On June 18, 1812, President James Madison signed the first declaration of war in U.S. history.
On June 1, the president delivered a message to Congress outlining British transgressions against the U.S. The grievances primarily revolved around actions taken by the British navy off the U.S. coast.
“British cruisers have been in the practice also of violating the rights and the peace of our coasts. They hover over and harass our entering and departing commerce. To the most insulting pretensions they have added the most lawless proceedings in our very harbors, and have wantonly spilt American blood within the sanctuary of our territorial jurisdiction.”
Madison did not call for war, but he did conclude with a strong indictment against Great Britain.
“We behold, in fine, on the side of Great Britain, a state of war against the United States, and on the side of the United States a state of peace toward Great Britain.”
After four days of deliberation, the House voted 79-49 to declare war on Great Britain. The Senate concurred by a 19-13 vote. Madison’s signature on June 18 formally launched what is now known as the war of 1812.
Ironically, the first president to sign a declaration of war also offered one of the best arguments against war.
Of all the enemies to public liberty war is, perhaps, the most to be dreaded, because it comprises and develops the germ of every other. War is the parent of armies; from these proceed debts and taxes; and armies, and debts, and taxes are the known instruments for bringing the many under the domination of the few. In war, too, the discretionary power of the Executive is extended; its influence in dealing out offices, honors, and emoluments is multiplied; and all the means of seducing the minds, are added to those of subduing the force, of the people. The same malignant aspect in republicanism may be traced in the inequality of fortunes, and the opportunities of fraud, growing out of a state of war, and in the degeneracy of manners and of morals engendered by both. No nation could preserve its freedom in the midst of continual warfare.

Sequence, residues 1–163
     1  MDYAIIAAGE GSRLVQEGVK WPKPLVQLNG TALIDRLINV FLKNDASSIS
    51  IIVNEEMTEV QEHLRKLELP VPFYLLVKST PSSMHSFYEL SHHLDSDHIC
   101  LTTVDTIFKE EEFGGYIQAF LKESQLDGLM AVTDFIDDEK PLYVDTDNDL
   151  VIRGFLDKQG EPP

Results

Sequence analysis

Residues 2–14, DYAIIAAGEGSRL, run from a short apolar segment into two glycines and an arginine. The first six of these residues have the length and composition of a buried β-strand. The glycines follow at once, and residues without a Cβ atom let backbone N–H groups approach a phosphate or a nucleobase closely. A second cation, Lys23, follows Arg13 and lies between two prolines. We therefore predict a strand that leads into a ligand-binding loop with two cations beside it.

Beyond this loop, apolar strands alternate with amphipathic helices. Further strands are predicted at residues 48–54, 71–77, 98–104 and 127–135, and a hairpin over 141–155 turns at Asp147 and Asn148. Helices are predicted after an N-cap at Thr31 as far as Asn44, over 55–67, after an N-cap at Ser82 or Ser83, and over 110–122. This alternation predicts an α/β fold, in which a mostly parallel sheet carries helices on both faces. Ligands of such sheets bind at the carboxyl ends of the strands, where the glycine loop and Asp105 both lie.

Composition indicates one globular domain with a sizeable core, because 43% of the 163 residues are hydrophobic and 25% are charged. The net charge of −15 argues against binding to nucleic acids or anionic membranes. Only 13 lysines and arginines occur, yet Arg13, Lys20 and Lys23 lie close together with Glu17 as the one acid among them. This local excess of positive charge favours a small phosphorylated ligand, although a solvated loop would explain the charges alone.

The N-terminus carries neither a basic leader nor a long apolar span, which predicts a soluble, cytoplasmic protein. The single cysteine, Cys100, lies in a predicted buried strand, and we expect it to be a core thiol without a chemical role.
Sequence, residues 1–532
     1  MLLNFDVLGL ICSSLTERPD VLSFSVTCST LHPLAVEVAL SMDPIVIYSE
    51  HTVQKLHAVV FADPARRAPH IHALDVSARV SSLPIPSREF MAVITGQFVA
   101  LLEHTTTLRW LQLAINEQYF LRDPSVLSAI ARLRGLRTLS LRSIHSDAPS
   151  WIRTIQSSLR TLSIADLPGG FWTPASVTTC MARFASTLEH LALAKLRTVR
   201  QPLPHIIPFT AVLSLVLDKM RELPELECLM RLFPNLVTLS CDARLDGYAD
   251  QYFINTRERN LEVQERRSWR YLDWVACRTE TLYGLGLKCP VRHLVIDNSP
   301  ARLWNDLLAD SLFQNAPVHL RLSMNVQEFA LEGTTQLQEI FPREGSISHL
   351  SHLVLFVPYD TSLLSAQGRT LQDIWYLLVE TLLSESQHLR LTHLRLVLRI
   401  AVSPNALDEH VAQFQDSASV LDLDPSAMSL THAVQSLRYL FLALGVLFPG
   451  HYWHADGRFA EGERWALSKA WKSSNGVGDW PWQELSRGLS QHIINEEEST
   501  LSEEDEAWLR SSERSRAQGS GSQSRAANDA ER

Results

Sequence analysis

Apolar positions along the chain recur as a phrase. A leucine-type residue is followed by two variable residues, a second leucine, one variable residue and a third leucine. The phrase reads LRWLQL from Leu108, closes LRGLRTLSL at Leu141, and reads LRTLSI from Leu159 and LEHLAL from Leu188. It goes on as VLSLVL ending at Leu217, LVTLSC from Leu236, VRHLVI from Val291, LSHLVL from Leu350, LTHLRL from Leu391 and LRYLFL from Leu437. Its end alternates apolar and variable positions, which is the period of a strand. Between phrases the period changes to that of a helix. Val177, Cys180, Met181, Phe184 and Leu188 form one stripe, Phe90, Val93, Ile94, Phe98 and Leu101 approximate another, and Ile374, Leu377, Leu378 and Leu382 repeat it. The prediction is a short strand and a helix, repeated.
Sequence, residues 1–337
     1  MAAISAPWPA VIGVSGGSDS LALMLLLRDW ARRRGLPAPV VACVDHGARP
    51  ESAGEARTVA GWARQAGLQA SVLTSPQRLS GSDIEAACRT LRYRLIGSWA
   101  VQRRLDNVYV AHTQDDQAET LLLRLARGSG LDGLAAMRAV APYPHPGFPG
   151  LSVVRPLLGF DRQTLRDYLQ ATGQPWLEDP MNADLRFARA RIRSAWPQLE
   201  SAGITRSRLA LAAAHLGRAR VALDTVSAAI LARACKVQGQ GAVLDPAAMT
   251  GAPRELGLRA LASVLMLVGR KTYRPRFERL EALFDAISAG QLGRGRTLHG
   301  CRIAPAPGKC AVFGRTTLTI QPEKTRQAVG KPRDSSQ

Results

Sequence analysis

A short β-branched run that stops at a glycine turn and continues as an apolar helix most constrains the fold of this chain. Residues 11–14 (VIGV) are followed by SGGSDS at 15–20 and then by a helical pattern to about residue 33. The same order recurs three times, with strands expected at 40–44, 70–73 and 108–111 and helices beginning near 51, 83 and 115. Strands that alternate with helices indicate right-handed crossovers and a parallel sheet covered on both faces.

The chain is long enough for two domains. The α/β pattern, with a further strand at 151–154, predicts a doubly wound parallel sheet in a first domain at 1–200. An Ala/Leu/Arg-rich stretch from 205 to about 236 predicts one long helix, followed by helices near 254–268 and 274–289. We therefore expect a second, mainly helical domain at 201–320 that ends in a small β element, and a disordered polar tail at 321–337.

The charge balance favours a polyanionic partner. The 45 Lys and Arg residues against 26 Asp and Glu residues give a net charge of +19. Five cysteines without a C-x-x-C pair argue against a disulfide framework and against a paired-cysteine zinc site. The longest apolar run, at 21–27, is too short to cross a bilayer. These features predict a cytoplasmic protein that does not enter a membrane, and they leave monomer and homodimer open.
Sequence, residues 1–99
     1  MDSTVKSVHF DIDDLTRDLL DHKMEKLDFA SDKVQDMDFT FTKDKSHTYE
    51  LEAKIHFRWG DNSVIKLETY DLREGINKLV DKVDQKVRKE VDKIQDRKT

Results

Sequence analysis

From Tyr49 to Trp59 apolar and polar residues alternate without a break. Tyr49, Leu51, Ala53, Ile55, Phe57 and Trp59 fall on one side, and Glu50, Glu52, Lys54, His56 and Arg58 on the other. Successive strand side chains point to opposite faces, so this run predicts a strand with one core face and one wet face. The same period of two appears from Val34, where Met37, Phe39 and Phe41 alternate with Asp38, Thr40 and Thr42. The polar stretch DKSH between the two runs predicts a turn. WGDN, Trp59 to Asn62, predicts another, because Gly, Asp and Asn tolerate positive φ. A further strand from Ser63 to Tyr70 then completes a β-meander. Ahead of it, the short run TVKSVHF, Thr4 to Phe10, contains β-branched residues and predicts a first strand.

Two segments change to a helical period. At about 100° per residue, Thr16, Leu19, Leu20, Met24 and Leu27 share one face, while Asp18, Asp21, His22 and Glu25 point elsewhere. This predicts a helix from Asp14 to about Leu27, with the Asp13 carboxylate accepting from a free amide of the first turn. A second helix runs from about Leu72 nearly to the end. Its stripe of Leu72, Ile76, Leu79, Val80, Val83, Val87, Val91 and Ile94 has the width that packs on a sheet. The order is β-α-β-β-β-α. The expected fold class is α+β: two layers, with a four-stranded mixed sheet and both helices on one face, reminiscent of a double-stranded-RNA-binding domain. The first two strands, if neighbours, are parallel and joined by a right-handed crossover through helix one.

Today, it’s hard to imagine the deliberate process Madison and Congress went through before going to war with Great Britain. The U.S. hasn’t even issued a declaration of war since 1941. At best, Congress today passes vague, opened-ended authorizations with little debate giving the president the authority to act at his own discretion. A lot of time, they don’t even do that. The president just sends troops off to fight on his own authority.
The Constitutional process can’t assure the U.S. won’t go to war. But it makes it much more difficult and ensures it is done with thought and deliberation.
That’s exactly how James Wilson described it during the ratification debates:
“This system will not hurry us into war; it is calculated to guard against it. It will not be in the power of a single man, or a single body of men, to involve us in such distress”
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